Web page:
Flavell: Tomlin Deserves More Respect

Posted on Nov 20 2017 - 11:44am by Cody Flavell
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Mike Tomlin is an elite NFL head coach. (Photo Credit: Charlie Riedel/Associated Press)

The Mike Tomlin experiment has now reached it’s 11th season and it is becoming clearly safe to say that this can no longer be labeled as an experiment.

After every loss in Steelers country, social media bridges are burned. The equivalent of what a World War III would look like breaks out among the Yinzers on the different social media outlets and all usually have one common suggestion: #FireTomlin.

Go on any social media platform and type in that hashtag and check out the results that comeback. It’s quite astonishing how out of touch with reality some people really are when it comes to the Steelers and their everlasting success since Tomlin took the reigns as the head coach of the team when Bill Cowher decided to resign/retire.

I’ll begin forming my opinion by throwing a stat your way that was brought to my attention by Steelers public relations guy, Burt Lauton: Mike Tomlin is 111-59 since taking over as the head coach of the Steelers.

That equates to a .653 winning percentage. It is also the best start in the history of the team.

Tomlin has yet to endure a losing season at the helm of this team. In 10 previous tries, Tomlin’s team has won the division five times. His team controls their destiny in their 11th season of, not only winning the division, but currently the AFC as well.

In a division featuring rivals who usually keep their heads above water all the way through the final weeks of the season, Tomlin has won in half of his attempts. He’s almost assuredly going to get his sixth AFC North title this season.

That is not an easy thing to do with the constant landscape change of the NFL.

He has been the AFC Champion twice in those first ten years and arguably has a shot at a third time this coming playoff season. He won Super Bowl 43 as the youngest head coach to ever do so.

Winning doesn’t come easy in the NFL. It makes it ten times harder when you’re constantly falling victim to the best coach/quarterback tandem to grace the field.

Yet, despite Bill Belichick and Tom Brady having won five Super Bowls together, the Steelers have managed to get by through them twice in Tomlin’s era and make Super Bowl’s in 2008 and 2010. They were defeated by them in last season’s AFC Championship game. You can say Tomlin was out-coached and that would be a completely fair assessment. It isn’t easy going to Foxborough and expecting to win a game in October, let alone January.

Outside of New England, it’s hard to name any coach in the AFC, or in the entire NFL for that matter, that deserves more praise than Tomlin for pushing through despite the constant fan barrage.

In fact, let’s go through some other long tenured coaches and why there are none better than Tomlin.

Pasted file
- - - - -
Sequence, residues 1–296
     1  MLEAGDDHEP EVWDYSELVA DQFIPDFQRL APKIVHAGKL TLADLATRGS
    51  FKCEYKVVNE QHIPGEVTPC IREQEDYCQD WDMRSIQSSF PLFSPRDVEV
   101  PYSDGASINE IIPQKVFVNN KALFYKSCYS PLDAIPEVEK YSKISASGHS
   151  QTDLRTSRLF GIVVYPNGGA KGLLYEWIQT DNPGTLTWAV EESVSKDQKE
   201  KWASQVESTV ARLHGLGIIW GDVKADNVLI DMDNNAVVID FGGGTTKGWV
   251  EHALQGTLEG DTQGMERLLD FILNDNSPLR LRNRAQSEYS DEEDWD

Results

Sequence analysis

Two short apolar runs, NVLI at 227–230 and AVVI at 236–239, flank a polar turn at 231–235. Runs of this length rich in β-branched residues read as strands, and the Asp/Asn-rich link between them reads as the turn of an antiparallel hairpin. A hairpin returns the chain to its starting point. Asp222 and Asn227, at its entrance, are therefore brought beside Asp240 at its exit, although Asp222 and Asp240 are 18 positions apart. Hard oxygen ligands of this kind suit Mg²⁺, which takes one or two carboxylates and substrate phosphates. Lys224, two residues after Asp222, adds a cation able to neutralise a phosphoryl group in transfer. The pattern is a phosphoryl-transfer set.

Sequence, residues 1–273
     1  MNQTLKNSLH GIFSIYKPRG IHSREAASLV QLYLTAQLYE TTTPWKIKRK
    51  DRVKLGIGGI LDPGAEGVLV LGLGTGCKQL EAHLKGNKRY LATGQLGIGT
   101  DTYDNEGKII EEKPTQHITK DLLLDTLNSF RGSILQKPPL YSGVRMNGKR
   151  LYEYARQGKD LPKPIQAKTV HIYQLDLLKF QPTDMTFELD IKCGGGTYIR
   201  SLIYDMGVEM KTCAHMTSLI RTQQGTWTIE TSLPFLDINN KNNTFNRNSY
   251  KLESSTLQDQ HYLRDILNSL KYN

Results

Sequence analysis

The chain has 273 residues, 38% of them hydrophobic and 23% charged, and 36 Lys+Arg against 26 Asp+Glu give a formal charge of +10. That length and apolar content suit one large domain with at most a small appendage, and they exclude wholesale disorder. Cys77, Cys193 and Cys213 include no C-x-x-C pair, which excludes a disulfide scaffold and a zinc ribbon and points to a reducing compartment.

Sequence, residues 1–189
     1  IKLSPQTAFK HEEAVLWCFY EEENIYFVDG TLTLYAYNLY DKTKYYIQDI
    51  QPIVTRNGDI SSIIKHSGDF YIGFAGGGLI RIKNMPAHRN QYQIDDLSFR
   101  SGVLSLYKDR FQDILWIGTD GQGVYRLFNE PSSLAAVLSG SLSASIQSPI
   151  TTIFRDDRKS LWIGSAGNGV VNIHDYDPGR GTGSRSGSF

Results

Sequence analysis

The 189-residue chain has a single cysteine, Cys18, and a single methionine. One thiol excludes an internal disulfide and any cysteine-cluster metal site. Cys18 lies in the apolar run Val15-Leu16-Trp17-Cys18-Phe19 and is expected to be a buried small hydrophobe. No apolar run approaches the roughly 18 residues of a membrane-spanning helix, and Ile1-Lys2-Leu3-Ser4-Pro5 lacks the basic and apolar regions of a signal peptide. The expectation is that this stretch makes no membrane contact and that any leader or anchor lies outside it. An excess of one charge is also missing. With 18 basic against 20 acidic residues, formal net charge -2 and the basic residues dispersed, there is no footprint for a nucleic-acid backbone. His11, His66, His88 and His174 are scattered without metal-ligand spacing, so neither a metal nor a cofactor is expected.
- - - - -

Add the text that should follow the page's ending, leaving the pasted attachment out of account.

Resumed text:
Andy Reid has had lots of regular season success in both Philadelphia and Kansas City and has a bunch of coming up short to show for it. Marvin Lewis somehow still has a job for a perennial .500 team with no playoff wins under his belt. Mike McCarthy has the most talented quarterback in the game right now and has one Super Bowl to show for it. Pete Carroll is a good head coach but he threw from the goal line in the most crucial game of his career to this point when he had Marshawn Lynch in the backfield.

No thanks.

I’ll be one to admit the hiring was a bit puzzling at first. A young guy without much experience inheriting a future Hall of Fame quarterback and an old defense, keeping in mind he had been a defensive coordinator prior to taking the head coaching job but the Steelers knew exactly what they were doing.

Cowher had been an older coach who clearly wanted something other than coaching. The Steelers wanted a change of culture.

Now, they boast a top three wide receiver and running back, a future Hall of Fame quarterback and a defense that is young and already scary good.

That doesn’t happen by accident.

You can have talent on your roster but if you utilize it incorrectly, that falls on the coach. No one ever wants to give the coach any credit when things go right.

Of course, I must address the road game failures that Tomlin has faced in his career as obviously, that will come as a main rebuttal to everything I’ve thus far stated.

Listen, I will trade a road loss to the Bears in early September for a shot at a Super Bowl in February. It’s as simple as that. Despite all those “gimme games” the Steelers play on the road against a lesser opponent, Tomlin has managed to have seven 10-win seasons and is two wins away from adding an eighth 10-win season in 11 years.

He’s been 8-8 twice and 9-7 once. Those three seasons are theĀ only seasons in which the Steelers have missed the playoffs under Tomlin and one of those playoff misses came due to a Ryan Succop missed field goal that I’m sure you fans remember well.

As Colin Cowherd puts it, there are a lot of coaches in the league who are more of a two than a one. New York Giants head coach, Ben McAdoo, is a perfect example. They are a pretty good coordinator but don’t have the necessary tools a head coach needs to succeed so they don’t exactly work out.

I’d say Tomlin made the transition very well.

The NFL is full of good coaches. Thirty-two guys smarter than you and I.

But if you think for a second Mike Tomlin isn’t deserving of more respect, even if you disagree with the notion that he is the second best in the league, then you may want to reevaluate your stance.

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